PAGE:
Dissolving a Colorado LLC
If you and other members of your organization are considering dissolving your LLC, it's important to address the required steps; otherwise, you could face administrative consequences and additional challenges associated with the dissolution of your Colorado LLC.
Before you file paperwork
Before anything is filed with the state to formally terminate the existence of the LLC, members of the LLC need to take certain actions. As a first step, members of the LLC need to approve the dissolution. This can be done in accordance with the operating agreement of the LLC or through a unanimous consent of the members approving the dissolution. Regardless of the method, the vote on the dissolution should be recorded in the minutes of the meeting in which it occurred. This can be helpful in the event that someone does not remember providing their consent.
What to file
You will need to dissolve your LLC by first filing a dissolution statement with the Secretary of State. This statement needs to include the LLC's primary office address and the name of the LLC. Your LLC state ID number should also be provided. By filing these statements, you are formally terminating the LLC's status as a business entity registered directly with the state. This administrative step is required to terminate the obligations owed by the LLC. You will also need to pay all LLC liabilities, debts and obligations. Proper written notice should include a mailing address where any claims against the LLC can be sent.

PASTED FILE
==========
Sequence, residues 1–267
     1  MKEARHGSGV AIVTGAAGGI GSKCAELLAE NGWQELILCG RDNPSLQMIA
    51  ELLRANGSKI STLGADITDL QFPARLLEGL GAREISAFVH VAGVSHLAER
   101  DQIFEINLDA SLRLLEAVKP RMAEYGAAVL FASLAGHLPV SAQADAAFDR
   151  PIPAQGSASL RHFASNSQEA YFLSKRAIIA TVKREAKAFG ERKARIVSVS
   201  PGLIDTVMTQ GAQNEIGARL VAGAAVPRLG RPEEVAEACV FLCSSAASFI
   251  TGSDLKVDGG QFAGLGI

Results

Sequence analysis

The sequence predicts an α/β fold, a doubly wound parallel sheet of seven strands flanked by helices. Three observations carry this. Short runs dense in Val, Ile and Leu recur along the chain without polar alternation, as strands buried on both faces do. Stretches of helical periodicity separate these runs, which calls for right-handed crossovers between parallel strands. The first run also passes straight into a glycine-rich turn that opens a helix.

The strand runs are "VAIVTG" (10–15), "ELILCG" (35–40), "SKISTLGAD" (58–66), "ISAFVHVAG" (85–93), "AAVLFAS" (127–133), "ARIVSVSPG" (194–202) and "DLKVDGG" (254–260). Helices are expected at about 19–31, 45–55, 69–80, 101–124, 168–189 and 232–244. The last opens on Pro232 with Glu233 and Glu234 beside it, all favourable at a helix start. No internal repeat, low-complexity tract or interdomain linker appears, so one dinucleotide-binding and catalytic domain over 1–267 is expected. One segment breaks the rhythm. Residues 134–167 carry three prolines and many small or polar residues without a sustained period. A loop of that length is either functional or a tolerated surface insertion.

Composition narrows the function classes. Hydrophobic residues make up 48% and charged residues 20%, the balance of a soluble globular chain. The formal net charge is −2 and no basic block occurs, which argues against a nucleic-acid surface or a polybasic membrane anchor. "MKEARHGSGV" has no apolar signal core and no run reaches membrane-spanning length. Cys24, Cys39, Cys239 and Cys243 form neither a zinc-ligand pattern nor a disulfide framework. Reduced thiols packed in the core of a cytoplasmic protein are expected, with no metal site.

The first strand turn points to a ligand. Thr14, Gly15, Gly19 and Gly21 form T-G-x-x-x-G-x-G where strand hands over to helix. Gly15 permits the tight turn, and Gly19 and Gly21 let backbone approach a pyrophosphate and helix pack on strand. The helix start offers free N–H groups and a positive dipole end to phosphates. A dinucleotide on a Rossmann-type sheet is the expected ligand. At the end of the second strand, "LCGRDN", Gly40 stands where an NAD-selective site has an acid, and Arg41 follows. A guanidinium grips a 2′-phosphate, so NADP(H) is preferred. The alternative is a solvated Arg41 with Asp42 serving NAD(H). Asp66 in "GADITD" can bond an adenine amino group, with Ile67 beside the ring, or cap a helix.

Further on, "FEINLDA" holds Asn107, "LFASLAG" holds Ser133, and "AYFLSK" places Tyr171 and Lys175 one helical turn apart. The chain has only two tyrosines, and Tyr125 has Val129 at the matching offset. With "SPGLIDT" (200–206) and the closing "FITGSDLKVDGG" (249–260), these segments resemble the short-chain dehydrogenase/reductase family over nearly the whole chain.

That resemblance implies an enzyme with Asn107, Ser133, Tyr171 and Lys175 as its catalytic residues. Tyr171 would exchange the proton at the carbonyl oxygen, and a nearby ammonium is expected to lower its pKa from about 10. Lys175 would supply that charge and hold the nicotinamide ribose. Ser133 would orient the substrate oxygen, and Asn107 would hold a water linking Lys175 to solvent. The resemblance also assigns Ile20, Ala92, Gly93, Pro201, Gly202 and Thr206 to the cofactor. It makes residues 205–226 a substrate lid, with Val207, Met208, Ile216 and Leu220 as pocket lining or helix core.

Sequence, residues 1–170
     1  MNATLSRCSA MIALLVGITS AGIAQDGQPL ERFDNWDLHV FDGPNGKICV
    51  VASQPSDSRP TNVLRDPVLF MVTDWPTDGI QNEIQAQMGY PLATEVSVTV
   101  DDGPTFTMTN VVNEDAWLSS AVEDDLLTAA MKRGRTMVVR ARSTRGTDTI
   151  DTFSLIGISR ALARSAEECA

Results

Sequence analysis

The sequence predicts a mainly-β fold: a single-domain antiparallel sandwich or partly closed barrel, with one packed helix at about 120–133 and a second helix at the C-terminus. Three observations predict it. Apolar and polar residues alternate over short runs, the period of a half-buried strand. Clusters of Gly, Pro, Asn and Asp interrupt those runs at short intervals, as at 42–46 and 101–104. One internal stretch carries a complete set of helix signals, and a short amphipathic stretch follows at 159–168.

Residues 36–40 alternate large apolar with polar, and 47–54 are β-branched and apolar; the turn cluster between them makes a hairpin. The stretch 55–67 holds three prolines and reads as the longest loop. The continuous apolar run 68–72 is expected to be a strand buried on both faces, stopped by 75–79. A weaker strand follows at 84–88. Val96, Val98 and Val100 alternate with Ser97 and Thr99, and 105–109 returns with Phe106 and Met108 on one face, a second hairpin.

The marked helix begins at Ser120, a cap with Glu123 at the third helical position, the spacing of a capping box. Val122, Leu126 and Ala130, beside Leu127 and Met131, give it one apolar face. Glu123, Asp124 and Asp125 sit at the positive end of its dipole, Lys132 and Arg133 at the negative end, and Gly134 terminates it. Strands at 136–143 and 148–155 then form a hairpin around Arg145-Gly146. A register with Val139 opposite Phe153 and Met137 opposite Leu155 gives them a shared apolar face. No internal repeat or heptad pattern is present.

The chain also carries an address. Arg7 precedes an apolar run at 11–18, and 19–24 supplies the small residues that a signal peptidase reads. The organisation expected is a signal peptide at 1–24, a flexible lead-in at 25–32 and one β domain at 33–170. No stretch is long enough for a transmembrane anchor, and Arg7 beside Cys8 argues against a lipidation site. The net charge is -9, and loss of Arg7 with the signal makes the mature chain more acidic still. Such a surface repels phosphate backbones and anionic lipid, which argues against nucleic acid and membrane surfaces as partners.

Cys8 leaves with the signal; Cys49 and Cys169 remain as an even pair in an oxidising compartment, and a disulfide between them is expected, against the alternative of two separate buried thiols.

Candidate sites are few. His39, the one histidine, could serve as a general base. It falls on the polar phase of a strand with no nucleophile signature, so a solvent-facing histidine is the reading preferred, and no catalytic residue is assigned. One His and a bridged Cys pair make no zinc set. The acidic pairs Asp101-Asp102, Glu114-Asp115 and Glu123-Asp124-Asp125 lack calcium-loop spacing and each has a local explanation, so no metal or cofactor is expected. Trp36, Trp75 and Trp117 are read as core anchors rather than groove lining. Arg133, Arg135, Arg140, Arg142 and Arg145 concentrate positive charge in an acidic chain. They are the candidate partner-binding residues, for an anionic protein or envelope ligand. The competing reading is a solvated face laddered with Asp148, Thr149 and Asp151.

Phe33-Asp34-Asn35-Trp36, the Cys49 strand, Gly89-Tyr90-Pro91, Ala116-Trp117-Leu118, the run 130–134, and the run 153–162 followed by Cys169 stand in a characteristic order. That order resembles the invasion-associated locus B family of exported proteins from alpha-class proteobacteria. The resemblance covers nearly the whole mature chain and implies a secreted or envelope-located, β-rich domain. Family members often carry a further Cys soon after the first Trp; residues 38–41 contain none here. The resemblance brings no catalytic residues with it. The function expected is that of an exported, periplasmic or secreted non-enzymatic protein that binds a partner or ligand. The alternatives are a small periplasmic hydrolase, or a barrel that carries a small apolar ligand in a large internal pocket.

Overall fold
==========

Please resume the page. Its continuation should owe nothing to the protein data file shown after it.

We recognize that this process can be overwhelming and frustrating for someone in the midst of winding down the business of an LLC. To avoid the hassles associated, you can partner with our service and we will handle all aspects of dissolving your Colorado LLC for you.
Impact of dissolution
Once formally dissolved with the state, the name of your Colorado LLC is not protected. Other entities may be eligible to use the name immediately.
Don't forget about taxes
You also need to make sure that all taxes owed by the LLC are paid and filed in a timely manner. If not, even if you filed your statement of dissolution, you can be assessed for additional penalties for failure to pay and file any due and outstanding taxes.
Finally, remember that if you are authorized to do business in other states, you will need to follow the necessary procedures within those states to decrease your chances of facing additional consequences outside of Iowa. Swyft Filings can help with your withdrawal from any state where you are foreign qualified.